[1] Wenham, Gordon J. 1994. “Genesis.” In New Bible Commentary: 21st Century Edition, edited by D. A. Carson, R. T. France, J. A. Motyer, and G. J. Wenham, 4th ed., 62. Leicester, England; Downers Grove, IL: Inter-Varsity Press.

[2] Mangum, Douglas, Miles Custis, and Wendy Widder. 2012. Genesis 1–11. Lexham Research Commentaries. Bellingham, WA: Lexham Press.

[3] Mangum, Douglas, Miles Custis, and Wendy Widder. 2012. Genesis 1–11. Lexham Research Commentaries. Bellingham, WA: Lexham Press.

June 9, 2022

Social Situations, Self-Importance, and Christian Humility

Do not think of yourself more highly than you ought, but rather think of yourself with sober judgment, in accordance with the faith God has distributed to each of you.   ~Romans 12:3b NIV

At 6’0″ (that’s 183cm for much of the world) I usually find myself in conversation with people not as tall as myself, but in the last few months I’ve noticed that I’ve become increasingly uncomfortable carrying on conversations with people taller than myself, probably because it happens so seldom.  Yesterday we ran into Tim, the son of one of my mother’s best friends, and I again found myself registering the fact I had to keep looking up to make eye contact.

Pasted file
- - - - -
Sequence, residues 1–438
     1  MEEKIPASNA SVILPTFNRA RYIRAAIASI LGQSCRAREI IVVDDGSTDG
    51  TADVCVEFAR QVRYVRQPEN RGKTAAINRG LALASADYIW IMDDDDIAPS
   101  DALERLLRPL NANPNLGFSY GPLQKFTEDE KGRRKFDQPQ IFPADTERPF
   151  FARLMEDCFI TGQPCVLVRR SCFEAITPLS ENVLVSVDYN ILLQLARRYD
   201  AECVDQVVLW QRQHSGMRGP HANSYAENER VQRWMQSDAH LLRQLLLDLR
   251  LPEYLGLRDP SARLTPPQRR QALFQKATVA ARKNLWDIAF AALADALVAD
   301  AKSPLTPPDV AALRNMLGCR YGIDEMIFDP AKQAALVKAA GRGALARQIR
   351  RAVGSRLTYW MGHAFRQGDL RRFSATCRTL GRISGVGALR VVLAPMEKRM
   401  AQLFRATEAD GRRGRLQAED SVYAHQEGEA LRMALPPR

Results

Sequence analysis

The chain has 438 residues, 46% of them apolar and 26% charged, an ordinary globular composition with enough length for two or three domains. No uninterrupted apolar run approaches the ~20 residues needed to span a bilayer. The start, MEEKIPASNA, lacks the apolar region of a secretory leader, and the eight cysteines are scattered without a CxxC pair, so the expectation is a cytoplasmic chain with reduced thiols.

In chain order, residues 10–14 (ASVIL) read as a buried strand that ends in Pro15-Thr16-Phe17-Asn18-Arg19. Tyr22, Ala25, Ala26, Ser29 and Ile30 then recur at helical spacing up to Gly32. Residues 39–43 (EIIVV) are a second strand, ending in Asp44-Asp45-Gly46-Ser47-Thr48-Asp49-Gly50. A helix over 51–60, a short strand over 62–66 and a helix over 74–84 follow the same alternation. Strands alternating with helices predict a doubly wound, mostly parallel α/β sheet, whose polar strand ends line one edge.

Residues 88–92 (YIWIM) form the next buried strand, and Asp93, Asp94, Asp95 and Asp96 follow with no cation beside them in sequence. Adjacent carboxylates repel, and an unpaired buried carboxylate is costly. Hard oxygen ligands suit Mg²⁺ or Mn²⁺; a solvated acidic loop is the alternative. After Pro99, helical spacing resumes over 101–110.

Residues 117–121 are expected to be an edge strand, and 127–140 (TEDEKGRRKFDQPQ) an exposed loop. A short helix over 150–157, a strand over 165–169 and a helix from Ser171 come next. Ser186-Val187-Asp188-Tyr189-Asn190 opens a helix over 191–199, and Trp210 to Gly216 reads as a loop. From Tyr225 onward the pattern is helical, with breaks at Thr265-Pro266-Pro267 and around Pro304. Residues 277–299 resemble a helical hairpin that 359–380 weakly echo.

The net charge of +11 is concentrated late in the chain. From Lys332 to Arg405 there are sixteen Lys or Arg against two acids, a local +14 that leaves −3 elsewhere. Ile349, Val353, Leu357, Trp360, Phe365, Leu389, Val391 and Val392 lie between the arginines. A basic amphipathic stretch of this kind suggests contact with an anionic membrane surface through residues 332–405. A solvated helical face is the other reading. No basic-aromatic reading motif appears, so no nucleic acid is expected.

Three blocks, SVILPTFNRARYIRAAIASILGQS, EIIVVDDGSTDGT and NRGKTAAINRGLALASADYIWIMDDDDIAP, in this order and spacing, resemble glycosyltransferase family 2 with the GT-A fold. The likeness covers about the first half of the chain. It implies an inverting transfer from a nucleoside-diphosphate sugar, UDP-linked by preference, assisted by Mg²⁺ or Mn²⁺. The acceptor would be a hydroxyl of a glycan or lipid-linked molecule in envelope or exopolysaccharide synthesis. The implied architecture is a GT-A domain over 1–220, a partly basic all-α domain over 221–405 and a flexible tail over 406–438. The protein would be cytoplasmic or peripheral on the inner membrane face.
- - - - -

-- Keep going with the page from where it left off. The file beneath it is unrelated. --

I can see how people like myself who are tall of stature might get confused and think that they are somehow ‘taller’ intellectually or emotionally; and there is always the danger of thinking oneself to be ‘taller’ spiritually. Of course, we all know our inward shortcomings and weaknesses, but when we’re out and about with members of the wider faith family, it’s easy to posture. In the key verse today, Paul says we should use ‘sober judgment’ of ourselves.

Another application of this principle is that we look up to God, who scripture tells us looks down on us. This is repeated in various passages; it’s important to remember who is where! One prayer pattern that I learned years ago contains the phrase, “You’re God and I’m not;” or “You’re God and we’re not.” When we come to Him in prayer, we need to remember who is ‘taller.’

Here’s a similar application of how we deal with our own estimation of ourselves from Luke 14.  Jesus is teaching…

When Jesus noticed that all who had come to the dinner were trying to sit in the seats of honor near the head of the table, he gave them this advice: “When you are invited to a wedding feast, don’t sit in the seat of honor. What if someone who is more distinguished than you has also been invited? The host will come and say, ‘Give this person your seat.’ Then you will be embarrassed, and you will have to take whatever seat is left at the foot of the table!

10 “Instead, take the lowest place at the foot of the table. Then when your host sees you, he will come and say, ‘Friend, we have a better place for you!’ Then you will be honored in front of all the other guests. 11 For those who exalt themselves will be humbled, and those who humble themselves will be exalted.”  ~NLT